Because of his long tail and the thickness of his fabric, Sock Sunny has a power Basil Zebra doesn't: he can sit up on his own.

 

Here he is hanging out with his brother Basil.


Then it was time to get started on Tanker. The solution I came up with for the pattern problem was to choose a short and extremely stretchy pair of socks that adjusted well to lots of stuffing.

You can't see it in the picture I shared, but real-life Tanker has enormous blue eyes.


Real-life Tanker's breed is called Stumpy Manx, which means that he doesn't really have a tail, he has more of a stump. This was lucky for me, because I made Sock Tanker out of a pretty small pair of socks, and I wouldn't have had enough sock left to make him a long tail...



He is softer and more fuzzy than it looks in the pictures.


So here they are! Soon I will be packing them away for their journey south.


By the time they get to their new home, I will be well into my next revision.

Thursday, August 25, 2016

Linky Thursday Randutiae with Rage (And Some Sweet Things, Too)

In France, in order to protect women from being oppressed by Muslim men who tell them what to wear, white men with guns force women to take their clothes off. I have so much fury and contempt for this racism, Islamophobia, and misogyny disguised as "liberation" and "secular values" that I don't even have enough room in my head for it. By writer Suhaiymah Manzoor-Khan at the Independent: Dear white people of France: being forced to undress wasn't exactly the liberation I was longing for. "It seems that oppression is only when brown men tell you how to dress; when white men do it it’s called liberation. But even French feminism has its roots in colonialism and imperialism."

At the Guardian: Texas has highest maternal mortality rate in developed world, study finds. "As the Republican-led state legislature has slashed funding to reproductive healthcare clinics, the maternal mortality rate doubled over just a two-year period."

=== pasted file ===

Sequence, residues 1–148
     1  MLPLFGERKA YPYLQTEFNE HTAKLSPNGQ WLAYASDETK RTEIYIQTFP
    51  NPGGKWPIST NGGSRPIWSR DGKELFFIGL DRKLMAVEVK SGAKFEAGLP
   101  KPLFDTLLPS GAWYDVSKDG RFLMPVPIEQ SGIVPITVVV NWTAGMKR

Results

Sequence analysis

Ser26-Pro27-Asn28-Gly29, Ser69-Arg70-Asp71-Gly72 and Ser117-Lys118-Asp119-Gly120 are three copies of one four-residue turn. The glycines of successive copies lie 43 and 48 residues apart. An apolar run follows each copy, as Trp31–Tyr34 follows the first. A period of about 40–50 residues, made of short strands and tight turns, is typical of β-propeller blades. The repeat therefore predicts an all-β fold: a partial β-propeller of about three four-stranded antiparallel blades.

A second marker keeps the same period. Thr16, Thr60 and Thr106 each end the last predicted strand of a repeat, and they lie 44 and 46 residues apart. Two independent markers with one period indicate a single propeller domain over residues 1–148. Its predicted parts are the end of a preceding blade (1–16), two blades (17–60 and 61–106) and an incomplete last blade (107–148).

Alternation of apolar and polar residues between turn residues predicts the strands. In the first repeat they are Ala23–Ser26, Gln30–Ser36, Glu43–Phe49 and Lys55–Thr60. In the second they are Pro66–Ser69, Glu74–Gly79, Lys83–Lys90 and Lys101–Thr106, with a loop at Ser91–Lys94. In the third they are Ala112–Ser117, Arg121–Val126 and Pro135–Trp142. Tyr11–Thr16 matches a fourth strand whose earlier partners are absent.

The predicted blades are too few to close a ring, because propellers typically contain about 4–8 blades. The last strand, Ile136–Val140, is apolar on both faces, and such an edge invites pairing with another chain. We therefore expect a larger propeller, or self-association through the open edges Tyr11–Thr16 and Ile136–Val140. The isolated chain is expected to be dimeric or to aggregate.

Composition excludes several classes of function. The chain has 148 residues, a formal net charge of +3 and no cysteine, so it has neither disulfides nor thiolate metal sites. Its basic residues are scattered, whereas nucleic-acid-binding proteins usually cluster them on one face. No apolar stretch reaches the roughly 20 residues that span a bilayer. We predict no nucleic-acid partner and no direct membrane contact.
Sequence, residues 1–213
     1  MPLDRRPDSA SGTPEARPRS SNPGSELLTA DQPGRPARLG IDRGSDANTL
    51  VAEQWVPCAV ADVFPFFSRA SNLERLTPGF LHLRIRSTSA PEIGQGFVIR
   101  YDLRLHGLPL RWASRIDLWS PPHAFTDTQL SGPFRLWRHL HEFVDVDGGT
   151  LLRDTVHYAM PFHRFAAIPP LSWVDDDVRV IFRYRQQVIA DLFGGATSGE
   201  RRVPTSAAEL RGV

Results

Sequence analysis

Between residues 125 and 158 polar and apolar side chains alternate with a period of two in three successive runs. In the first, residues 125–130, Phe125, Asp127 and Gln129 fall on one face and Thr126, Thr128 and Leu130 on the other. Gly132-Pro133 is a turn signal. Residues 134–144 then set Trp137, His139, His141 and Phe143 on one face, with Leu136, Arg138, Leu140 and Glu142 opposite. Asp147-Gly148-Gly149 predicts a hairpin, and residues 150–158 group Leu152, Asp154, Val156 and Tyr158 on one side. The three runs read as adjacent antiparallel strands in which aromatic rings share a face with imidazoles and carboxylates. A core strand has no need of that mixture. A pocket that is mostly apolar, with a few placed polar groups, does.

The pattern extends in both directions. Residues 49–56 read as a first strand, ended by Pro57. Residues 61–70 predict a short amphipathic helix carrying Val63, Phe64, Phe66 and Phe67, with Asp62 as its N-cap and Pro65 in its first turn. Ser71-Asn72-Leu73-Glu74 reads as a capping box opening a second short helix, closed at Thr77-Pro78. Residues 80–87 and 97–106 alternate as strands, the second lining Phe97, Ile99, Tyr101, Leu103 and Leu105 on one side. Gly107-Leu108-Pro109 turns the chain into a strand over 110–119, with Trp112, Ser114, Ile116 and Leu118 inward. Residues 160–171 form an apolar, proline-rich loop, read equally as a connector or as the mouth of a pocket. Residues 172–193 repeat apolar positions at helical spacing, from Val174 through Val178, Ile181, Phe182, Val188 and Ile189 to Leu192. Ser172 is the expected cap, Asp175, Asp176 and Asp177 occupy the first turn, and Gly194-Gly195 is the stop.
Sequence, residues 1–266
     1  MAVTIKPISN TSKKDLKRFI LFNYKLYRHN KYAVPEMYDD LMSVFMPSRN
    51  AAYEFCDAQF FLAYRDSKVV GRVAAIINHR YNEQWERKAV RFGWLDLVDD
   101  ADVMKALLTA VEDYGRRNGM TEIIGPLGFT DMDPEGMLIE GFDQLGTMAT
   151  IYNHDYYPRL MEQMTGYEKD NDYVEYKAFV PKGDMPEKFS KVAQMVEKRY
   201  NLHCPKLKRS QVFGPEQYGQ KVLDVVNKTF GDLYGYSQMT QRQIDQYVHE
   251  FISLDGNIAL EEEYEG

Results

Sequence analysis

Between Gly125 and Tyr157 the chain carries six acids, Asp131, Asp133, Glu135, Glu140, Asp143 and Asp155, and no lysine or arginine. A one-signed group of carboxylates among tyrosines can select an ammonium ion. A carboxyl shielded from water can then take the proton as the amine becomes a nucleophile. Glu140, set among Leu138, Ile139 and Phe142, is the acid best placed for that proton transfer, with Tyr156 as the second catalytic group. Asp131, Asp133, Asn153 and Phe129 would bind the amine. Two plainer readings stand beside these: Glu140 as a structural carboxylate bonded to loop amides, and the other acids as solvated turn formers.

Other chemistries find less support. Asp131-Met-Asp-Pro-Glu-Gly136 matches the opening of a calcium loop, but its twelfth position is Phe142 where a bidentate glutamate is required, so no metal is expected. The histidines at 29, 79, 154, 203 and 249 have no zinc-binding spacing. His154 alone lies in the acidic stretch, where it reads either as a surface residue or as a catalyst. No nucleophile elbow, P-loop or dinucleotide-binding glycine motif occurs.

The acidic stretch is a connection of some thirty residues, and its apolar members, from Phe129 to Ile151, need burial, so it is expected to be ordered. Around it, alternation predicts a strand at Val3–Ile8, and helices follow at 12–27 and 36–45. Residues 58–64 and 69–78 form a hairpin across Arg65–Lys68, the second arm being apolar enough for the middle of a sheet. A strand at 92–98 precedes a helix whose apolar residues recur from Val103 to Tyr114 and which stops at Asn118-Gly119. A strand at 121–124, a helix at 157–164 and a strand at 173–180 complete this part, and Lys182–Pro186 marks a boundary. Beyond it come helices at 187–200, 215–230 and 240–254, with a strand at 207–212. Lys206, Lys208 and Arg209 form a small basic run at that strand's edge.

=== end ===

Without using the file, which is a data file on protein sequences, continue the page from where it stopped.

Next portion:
In nicer news, at Time: Scientists Discover Sharks That Can Live for 400 Years.

At QuartzThe photos that remind us of why we love sports. Beautiful! There's an exhibit at the Brooklyn Museum.

At The Telegraph: Call of the wild: photographer Anup Shah on capturing the perfect shot. Also beautiful, and astonishing. The author has a new book out.

I'd like to write more today, dear readers, but I can't, because I'm trying to get through this revision, so that I can go back to the beginning and start revising again.

Sunday, August 21, 2016

In which the author decides that her Sicilian ancestors were not seafaring folk

 We went deep-sea fishing.




On the way out to the deep sea, I was so happy. I love boats. I love moving fast with all the wind. I loved bouncing over all the waves. I told Kevin that my Sicilian ancestors must have been seafaring people, that's why I love this so much.

Then we got to the place where the boat was stopping for six hours so we could fish. That's when I started puking. Oh my god. If I was standing up, I was puking. If I was inside, I was puking. If I was sitting, I was puking.

For the next six hours, the only thing that kept me from puking was lying down, in the air, alone on the upper deck, with my eyes closed. If my brain was in any way responsible for keeping my balance, I would puke. The people on the boat were so nice. When I told them I would prefer not to continue puking over the side and instead would like a bucket so I could go up by myself to puke in peace, they found me a bucket and helped me up. Poor Kevin had a hard time enjoying himself, because there was nothing he could do to help me. The first time he came to visit me on the puke deck, the sight of him reminded me I was alive, which made me puke. I encouraged him to try to go enjoy himself fishing. I had caught fish before (though not at sea). Kevin had not. I wanted him to catch a fish.

Before too long, a young man, also looking for a place to puke in peace, joined me on the upper deck. We spent some time in companionable silence alternating use of the puke bucket. I never learned his name, but he was wearing a Free Brady T-shirt. There was a time not too long ago, only this morning, when I hated everything New England Patriots and was deeply tired of quarterback Tom Brady. I feel differently now. This is the sort of magic that happens when you share a puke bond with a stranger.

Following all that, there was a stretch of time I don't remember. Kevin visited me a couple times and later reported that he'd found me asleep. I do remember moaning to him that I'd changed my mind about my Sicilian ancestors. I also moaned to him at one point, "Nothing ventured, nothing gained." I believe that sincerely. I'm glad to have tried deep-sea fishing. I didn't fish for even a second (it was unthinkable), but I definitely had an experience.

Also: Kevin caught his fish! And I even witnessed it! At one point, after some time had passed with no puking, I decided I was cured, jumped up, ran downstairs, told Kevin I was cured, suddenly realized I was about to puke, and in that moment, Kevin caught a haddock. I managed to get a picture before puking. Have you ever heard of anything more serendipitous?